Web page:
Recommended by Andrew Malan Milward


At Teraspol there were cobwebs in the barley, wasps at the panes, and cats in the knitting baskets.

Mikhail Fyodorovich’s grandfather was a sailor, chewed plug tobacco, had been born and raised in Archangel, and talked a great deal about ice.

He was Dyedushka Larionov.

Dyedushka Petrovsky, a farmer, was Mikhail’s mother’s father. He had a meal in the middle of the night, to keep starvation at bay. Breakfast was at dawn, when the mist was still in the chestnuts. He took his tea from a wineglass, sipping it with a hiss between his teeth.

There was another meal at ten, a lunch at noon, tea at four, supper at six. Then, when the fireflies were thickest and the dew began to agitate old man Petrovsky’s rheumatism, the household, except for the kitchen detail, folding dough in the long pans and forking pickled eels from stone jars, went to bed. At midnight they were up again, sleepy and hungry. 

—We could starve in our sleep, Grandfather Petrovsky said.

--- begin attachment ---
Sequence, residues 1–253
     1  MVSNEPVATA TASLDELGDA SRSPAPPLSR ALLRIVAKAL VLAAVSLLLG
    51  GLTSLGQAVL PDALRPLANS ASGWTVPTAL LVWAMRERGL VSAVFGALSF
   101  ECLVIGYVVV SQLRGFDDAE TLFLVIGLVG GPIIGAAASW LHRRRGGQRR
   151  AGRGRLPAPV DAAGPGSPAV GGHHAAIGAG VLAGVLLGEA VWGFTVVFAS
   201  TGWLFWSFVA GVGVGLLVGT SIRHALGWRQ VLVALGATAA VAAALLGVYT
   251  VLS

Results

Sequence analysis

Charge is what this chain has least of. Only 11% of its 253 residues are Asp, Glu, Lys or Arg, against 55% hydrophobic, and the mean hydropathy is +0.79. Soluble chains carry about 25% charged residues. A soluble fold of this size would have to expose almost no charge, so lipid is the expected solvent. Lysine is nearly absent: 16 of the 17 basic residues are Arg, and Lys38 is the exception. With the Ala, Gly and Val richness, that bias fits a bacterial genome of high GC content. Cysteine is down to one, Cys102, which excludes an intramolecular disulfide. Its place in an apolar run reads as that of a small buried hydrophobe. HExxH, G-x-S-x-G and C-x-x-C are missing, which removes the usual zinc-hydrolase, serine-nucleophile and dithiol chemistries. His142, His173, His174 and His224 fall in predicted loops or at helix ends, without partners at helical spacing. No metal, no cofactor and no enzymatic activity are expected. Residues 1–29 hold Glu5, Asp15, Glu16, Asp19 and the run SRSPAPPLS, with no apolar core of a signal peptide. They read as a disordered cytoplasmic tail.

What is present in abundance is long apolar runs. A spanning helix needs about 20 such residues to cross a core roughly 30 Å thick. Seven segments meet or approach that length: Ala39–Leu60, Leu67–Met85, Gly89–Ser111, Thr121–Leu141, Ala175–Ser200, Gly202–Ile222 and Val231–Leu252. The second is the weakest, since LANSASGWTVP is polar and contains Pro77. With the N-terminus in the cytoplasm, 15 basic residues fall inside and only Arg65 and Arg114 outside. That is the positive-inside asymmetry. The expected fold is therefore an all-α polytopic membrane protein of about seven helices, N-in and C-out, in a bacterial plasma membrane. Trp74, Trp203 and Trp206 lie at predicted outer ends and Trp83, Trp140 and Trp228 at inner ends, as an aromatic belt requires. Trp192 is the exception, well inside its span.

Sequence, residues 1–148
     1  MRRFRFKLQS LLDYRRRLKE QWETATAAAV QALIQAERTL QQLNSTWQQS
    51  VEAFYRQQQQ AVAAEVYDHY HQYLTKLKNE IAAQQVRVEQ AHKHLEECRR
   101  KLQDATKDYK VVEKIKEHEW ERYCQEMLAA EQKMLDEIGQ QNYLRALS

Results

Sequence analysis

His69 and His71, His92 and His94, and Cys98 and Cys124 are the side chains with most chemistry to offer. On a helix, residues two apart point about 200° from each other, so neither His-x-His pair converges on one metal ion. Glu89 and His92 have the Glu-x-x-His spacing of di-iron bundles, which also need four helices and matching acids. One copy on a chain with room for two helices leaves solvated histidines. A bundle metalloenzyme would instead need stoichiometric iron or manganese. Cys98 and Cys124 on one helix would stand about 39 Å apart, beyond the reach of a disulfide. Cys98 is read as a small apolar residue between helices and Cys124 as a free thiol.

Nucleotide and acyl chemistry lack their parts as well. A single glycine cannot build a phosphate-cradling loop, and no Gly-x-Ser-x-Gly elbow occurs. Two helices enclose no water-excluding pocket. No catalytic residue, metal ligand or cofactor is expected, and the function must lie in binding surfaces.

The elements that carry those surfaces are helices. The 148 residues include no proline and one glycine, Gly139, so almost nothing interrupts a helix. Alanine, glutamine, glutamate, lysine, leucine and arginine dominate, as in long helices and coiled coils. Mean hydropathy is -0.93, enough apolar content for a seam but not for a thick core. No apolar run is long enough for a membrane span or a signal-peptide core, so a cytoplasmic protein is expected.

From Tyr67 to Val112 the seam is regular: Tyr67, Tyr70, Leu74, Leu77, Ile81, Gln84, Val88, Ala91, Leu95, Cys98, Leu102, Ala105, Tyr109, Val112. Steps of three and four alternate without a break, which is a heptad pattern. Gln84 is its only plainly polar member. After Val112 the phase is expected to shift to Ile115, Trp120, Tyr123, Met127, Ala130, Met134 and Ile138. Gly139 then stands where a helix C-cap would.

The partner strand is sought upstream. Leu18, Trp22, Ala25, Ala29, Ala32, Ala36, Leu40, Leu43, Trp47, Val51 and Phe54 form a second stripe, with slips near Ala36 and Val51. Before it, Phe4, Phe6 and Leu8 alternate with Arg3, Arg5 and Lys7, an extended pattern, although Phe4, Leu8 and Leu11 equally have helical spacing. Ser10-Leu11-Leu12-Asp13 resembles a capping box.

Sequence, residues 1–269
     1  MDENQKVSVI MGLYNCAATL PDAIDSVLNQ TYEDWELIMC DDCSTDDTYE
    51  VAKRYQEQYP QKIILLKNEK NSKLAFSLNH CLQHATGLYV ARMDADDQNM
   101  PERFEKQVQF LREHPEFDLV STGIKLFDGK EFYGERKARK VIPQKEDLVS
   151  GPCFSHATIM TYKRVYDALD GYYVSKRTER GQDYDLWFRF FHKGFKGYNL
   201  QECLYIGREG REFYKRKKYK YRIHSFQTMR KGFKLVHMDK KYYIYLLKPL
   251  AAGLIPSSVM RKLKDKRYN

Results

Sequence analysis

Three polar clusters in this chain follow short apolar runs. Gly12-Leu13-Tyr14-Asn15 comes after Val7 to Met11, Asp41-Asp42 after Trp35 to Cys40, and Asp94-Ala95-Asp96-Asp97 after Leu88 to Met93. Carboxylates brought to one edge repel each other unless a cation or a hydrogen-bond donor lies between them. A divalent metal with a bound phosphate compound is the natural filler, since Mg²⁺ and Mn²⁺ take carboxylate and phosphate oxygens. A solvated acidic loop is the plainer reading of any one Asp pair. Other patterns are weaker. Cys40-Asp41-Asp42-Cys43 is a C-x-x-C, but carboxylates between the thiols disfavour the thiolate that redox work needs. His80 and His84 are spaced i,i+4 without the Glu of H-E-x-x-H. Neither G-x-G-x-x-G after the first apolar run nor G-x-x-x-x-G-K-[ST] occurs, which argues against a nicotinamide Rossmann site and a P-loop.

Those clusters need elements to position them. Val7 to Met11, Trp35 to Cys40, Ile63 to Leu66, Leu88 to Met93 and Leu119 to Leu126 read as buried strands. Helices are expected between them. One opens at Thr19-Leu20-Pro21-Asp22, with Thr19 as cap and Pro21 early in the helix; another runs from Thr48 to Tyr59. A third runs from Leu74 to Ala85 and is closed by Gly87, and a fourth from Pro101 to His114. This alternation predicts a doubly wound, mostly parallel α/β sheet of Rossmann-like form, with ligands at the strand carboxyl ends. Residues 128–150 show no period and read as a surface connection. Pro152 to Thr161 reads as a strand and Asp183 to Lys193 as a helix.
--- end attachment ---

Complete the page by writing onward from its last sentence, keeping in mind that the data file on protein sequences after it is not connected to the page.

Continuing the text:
We read it in Tatlin!.

Sir Karl LaFong or Current Resident

He stomps through the house at seven each morning, returning from his dark, neon-bordered, Plexiglass-shielded shift at our town's all-night gas station. He trails boot prints of oil across the kitchen floor. He leaves cellphane and aluminium candy wrappers on the table as he empties his pockets, counting and straightening the fistful of small bills he has collected from weary drivers who prefer to have their gas pumped by a hunched and Afroed attendant. He places half of his nightly earnings on the table—a form of rent—and leaves the kitchen, finally, with only a short greeting to my parents. “Sam, Betty,” he says, nodding to each, though these are not my parents' names. He leaves us to our hot, balanced breakfasts, our tart mouthfuls of grapefruit juice, our silence and averted glances. He leaves us to envy his modest pocketful of independence. He leaves us to breathe in his flammable smell.